A police investigation in Cyprus has concluded there was no proof of illegal phone tapping in the spy van case, but prosecutors are still going after the main suspects on lesser charges despite reports of alleged contacts in the past with local officials.
About a year after Cyprus police prepared a report on the country’s high-profile spy van case, state prosecutors have filed a case in a Larnaca court against two Israeli nationals, former intelligence officer Tal Dillian and businessman Shahak Avni as well as two individuals in their employ.
According to local media, charges include privacy breaches -referring to the collection of data without permission- and technical violations with the state accusing the main suspects and their company of importing spy equipment and falsely declaring them as weather equipment.
The case that came to be known as “spy van” refers to the high-tech surveillance vehicle known as the SpearHead 360, which made global headlines after allegations against Cypriot-registered Israeli firms pointed to accusations of spying on local citizens and politicians using Wi-Fi installations near airport terminals.
Dilian has vehemently denied ever spying on citizens and further criticized politicians and authorities for carrying out an investigation without properly understanding the technology.
It all began after allegations emerged in Fall 2019 following a Forbes video earlier that summer about a super-pimped-out ride in Larnaca, a converted ambulance truck with state-of-the-art spy gear that could hack into smart phones, steal content, and spy on people's locations.
But according to daily Politis, Cypriot officials had known earlier about the suspects and the spy van, including at least two officials, a drug squad officer and a law enforcement officer stationed at KYP central intelligence service.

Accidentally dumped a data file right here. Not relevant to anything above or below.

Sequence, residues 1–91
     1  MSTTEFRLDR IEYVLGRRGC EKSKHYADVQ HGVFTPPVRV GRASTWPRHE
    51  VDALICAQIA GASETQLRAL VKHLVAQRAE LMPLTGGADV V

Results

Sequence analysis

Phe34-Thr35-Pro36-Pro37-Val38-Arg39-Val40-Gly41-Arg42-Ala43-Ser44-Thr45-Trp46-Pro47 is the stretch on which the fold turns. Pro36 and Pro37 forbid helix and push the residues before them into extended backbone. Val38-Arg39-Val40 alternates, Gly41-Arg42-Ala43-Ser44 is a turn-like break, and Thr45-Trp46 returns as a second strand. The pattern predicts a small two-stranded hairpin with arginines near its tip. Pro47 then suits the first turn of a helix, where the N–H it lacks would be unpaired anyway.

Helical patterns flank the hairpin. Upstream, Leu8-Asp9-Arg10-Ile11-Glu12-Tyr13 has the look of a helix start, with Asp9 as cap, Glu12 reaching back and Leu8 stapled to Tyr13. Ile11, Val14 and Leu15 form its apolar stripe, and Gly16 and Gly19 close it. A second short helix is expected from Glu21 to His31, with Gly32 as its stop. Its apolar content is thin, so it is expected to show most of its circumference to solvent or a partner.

The main suspects maintain they sold tools to governments and law enforcement agencies, without naming any of them, but insist they never engaged in covert surveillance except only for demonstration purposes in Larnaca.
“We are not the policemen of the world and we are not the judges of the world,” Dilian said during a Forbes interview.
Cypriot police have officially declined to comment on past surveillance tactics. But in the aftermath of the spy van revelations, officials had flatly dismissed any suggestion that any law enforcement unit had been a client or officers had used unlawful methods.
Local media have also implicated Avni with Italian firm “The Hacking Team” that was shut down after it was hacked back in 2015, prompting former KYP director Andreas Pentaras to resign.
The main suspects maintain they sold tools to governments and law enforcement agencies but insist they never engaged in covert surveillance except only for demonstration purposes in Larnaca
Pentaras stepped down in the aftermath of a scandal after it emerged that the Republic of Cyprus had been a client of Hacking Team. Local media said KYP had purchased Galileo, one of Hacking Team’s surveillance systems, which could be installed on a computer or mobile phone without the user’s knowledge and used to monitor the device or Skype calls, text messages, and emails.
An official statement from the government later acknowledged the remote attack vectors purchased by KYP from Hacking Team compromised the data-protection rights of its citizens.
Politis also pointed to a business relation in the past between Avni and the brother of deputy attorney general Savvas Angelides.
Angelides, who previously served as defence minister under the current administration, has told Politis he had no knowledge of any relation between Avni and his brother, with the latter telling the newspaper that a business venture almost ten years ago to open a spy shop in Nicosia was a flop and he never crossed paths with the Israeli businessman ever again.
Police, who have been heavily criticized over their handling of the case as well as lacking experience, have sought expert advice to determine whether or not confiscated equipment and data they collected from the spy van contained any evidence of unlawful activities.
An independent investigator who was appointed in the case, attorney Elias Stefanou, was asked by retired attorney general Costas Clerides to investigate whether any offences were committed under the privacy laws of the Republic, including constitutional violations over the rights of citizens to a private life.
It remains unknown whether evidence of possible privacy breach has been found besides a 29-page document reportedly making references to a list of over a million email addresses stored during Wi-Fi scanning outside Larnaca International Airport.
Dilian has said the company has proof that its operations were geared toward prospective buyers, who could be foreign governments according to media reports.
A preliminary hearing has been scheduled for next month.